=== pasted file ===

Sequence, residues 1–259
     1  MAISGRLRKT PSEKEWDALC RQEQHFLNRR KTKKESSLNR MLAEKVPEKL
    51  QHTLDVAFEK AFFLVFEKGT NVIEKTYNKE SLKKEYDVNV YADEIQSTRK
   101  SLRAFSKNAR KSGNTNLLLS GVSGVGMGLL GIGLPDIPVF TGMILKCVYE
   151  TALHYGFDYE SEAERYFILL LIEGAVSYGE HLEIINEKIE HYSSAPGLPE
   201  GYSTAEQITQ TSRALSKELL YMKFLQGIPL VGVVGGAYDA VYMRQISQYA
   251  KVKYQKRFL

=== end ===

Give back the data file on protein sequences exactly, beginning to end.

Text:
Sequence, residues 1–259
     1  MAISGRLRKT PSEKEWDALC RQEQHFLNRR KTKKESSLNR MLAEKVPEKL
    51  QHTLDVAFEK AFFLVFEKGT NVIEKTYNKE SLKKEYDVNV YADEIQSTRK
   101  SLRAFSKNAR KSGNTNLLLS GVSGVGMGLL GIGLPDIPVF TGMILKCVYE
   151  TALHYGFDYE SEAERYFILL LIEGAVSYGE HLEIINEKIE HYSSAPGLPE
   201  GYSTAEQITQ TSRALSKELL YMKFLQGIPL VGVVGGAYDA VYMRQISQYA
   251  KVKYQKRFL